I’m a bit of a productivity junky. I can spend hours looking for the best way to handle the day-to-day requests for information that I get. It’s a strong method of procrastination for me.
Thankfully, I’ve been building up a new system over the last month. It’s working out very well and, with any luck, should be the end of my search.
I don’t actually need my system to do much. Most of it is doing or delegating tasks, keeping notes for ongoing projects, and reminding me about stuff I’ve done.
I need to:
- take notes
- do and/or delegate tasks
- track projects
- quickly remember what I was doing on a certain day
- quickly remember what happened to a certain system during the day
- reminded myself of recurring events
A lot of this information is kept in JIRA or confluence. For the things that aren’t I need a decent system.
Stuff I’ve Used in the Past
I used to use evernote quite extensively, but I stopped after they started playing around with the account plans. It suddenly wasn’t really worth it to me.
From there I went to oneNote. I had used this a bunch when I had windows machines and I thought it might do the trick. Unfortunately, the mac version of oneNote was disappointing compared to the windows one.
Sometimes I have a blind spot regarding technology I use everyday. I use a UNIX-like shell every day during development and administration. I am constantly using chainable tools suck as sed, awk, vim, less, etc. to manipulate text files on a number of systems. I’ve been moving all of my productivity bits to plain text.
I should have done this years ago.
For my tasks, I use todo.txt. It’s crazy simple and it works with the stripped down GTD I use. I’ve pared down the number of projects I currently have in the system, but it handles contexts the way I want them handled. I use the priority flags as well:
- A: currently doing (in case I get called away)
- B: to do today
- C: to do this week
I pretty much ignore all of the other priorities. I also use
@waiting as a
context for filtering.
I’m currently using remind to keep my recurring tasks in check. All of my other time based things are in google right now, so I’m not too sure if I’m going to continue using this.
I’m not a big fan of the syntax, but it’s definitely effective.
For note taking, I just use the native file system. It’s easily searchable and I can handle modification with the tools I’m already familiar with.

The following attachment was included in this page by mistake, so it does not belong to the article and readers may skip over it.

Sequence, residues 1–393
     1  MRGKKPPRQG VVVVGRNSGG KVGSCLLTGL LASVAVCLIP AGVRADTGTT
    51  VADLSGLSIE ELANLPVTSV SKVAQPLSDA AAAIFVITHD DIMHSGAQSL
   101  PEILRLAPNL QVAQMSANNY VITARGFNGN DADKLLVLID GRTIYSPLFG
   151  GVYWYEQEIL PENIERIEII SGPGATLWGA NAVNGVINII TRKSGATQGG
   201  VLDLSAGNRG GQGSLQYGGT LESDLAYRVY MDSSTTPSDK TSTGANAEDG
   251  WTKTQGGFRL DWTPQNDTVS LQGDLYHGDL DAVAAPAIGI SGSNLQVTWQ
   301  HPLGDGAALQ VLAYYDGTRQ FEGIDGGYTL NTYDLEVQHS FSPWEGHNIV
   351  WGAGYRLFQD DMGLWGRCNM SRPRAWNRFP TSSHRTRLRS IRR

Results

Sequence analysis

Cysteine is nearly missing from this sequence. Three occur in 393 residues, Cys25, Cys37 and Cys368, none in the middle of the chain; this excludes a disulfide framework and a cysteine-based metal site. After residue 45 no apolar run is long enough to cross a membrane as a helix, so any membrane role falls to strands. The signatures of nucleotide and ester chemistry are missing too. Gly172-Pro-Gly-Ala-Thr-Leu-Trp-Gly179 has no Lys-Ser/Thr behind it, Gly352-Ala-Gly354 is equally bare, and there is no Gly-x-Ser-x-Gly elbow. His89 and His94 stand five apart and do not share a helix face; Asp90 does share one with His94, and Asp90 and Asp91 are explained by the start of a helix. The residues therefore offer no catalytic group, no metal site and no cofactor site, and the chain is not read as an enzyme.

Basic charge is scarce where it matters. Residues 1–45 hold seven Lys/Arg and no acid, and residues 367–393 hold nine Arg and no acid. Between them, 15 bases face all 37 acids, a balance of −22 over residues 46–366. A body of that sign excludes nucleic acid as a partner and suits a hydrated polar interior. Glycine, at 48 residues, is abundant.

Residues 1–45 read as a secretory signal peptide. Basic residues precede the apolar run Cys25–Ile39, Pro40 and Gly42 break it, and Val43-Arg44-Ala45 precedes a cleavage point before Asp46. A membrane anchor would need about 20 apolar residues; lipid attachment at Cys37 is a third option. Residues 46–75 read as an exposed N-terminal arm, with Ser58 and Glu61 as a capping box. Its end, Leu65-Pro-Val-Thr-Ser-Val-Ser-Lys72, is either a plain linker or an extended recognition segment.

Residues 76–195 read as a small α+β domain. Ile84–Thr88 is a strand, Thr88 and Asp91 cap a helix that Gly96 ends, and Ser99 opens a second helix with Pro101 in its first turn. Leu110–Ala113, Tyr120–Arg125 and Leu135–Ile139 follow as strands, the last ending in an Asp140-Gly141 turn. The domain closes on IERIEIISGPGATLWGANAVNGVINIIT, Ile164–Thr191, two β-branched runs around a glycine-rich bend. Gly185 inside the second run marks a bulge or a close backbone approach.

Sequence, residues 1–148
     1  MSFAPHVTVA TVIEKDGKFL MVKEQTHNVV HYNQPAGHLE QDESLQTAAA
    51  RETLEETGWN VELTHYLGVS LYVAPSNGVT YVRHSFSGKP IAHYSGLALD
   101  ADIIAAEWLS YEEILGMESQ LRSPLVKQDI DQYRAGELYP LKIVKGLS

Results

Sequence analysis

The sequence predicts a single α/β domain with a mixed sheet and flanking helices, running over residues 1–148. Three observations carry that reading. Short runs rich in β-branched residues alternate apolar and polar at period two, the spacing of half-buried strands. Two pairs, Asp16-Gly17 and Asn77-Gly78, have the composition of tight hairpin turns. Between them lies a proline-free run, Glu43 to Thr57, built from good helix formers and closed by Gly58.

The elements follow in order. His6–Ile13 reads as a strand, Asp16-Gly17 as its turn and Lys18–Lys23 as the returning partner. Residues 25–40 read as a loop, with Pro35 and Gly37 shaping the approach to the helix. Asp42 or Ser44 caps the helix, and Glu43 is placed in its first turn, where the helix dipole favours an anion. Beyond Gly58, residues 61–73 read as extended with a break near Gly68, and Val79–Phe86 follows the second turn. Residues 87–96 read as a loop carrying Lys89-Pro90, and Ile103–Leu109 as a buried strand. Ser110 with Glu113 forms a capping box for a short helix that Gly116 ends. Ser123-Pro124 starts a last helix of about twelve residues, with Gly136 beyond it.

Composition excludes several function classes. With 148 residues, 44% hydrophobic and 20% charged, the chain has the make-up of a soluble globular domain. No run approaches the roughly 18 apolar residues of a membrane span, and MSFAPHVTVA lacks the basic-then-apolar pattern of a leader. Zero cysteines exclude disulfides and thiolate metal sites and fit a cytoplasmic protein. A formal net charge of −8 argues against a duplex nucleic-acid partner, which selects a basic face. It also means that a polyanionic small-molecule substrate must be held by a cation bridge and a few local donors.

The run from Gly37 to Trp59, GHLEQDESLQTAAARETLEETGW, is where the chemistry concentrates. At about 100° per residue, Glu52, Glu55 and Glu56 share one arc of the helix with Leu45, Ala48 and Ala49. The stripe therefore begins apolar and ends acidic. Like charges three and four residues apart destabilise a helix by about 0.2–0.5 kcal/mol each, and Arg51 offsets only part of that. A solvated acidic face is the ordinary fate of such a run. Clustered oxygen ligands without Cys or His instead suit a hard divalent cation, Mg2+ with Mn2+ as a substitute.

I generally format everything in markdown so I can pretty print them later if I
need to. If I want tags, then I can just add a line like
tags: foo, bar, qux
somewhere in the file.
I’ve decided to model my day-to-day journal after a log file. For my purposes, I need it to let me know exactly what I was doing at a certain point in time. Was I building out a system, responding to an alert, or doing some administrative task? If this information can’t be found in git or JIRA, then this answers those questions for me.
I’m shocked that I haven’t been using this format for years. It’s simple and effective, and it’s paid for itself a number of times in the last month:
#!/bin/bash # Appends a log line to a given file # # > ./journal.txt this is a journal idea # > cat $HOME/journal.txt # > 2017-01-09 Mon: this is a journal idea DATE=`date +"%Y-%m-%d %a"` FILE=$HOME/journal.txt echo "$DATE: $@" >> $FILE
I’ve aliased it to
$ j completed foo reports
For storing all of my text files I’m using a personal ownCloud, although this could easily be something like dropbox. This makes it easy to set up syncing between devices and platforms. It rely on my platform backups (Time Machine etc.) for the rest.
I’ve added a desktop display for stuff that’s important throughout the day. I’ll post more about that later.
Honestly, given the number of times that I’ve asked people to use plain text for configuration, I’m surprised that I haven’t been doing this for longer. It handles everything I can throw at it and it fits into my developers mindset exceedingly well.
If you try this (or if you already work this way), let me know. I’d love to hear more about how other people work.